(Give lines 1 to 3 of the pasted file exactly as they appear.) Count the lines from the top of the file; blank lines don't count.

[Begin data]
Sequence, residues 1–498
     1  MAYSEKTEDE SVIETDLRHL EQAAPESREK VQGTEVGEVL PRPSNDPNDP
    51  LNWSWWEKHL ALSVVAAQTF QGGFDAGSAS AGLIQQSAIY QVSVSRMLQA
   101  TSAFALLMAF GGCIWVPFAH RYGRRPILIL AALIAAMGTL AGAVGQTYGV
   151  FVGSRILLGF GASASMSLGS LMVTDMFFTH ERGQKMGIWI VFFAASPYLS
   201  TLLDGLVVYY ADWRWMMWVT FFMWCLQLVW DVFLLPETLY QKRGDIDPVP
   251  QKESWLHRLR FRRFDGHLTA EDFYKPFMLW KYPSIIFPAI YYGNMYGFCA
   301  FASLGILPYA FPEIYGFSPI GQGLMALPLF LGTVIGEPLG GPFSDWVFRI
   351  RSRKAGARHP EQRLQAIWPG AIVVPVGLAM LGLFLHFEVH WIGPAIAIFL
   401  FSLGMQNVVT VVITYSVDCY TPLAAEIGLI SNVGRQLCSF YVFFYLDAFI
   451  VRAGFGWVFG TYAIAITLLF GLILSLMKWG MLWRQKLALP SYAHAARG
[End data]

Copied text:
Sequence, residues 1–498
     1  MAYSEKTEDE SVIETDLRHL EQAAPESREK VQGTEVGEVL PRPSNDPNDP
    51  LNWSWWEKHL ALSVVAAQTF QGGFDAGSAS AGLIQQSAIY QVSVSRMLQA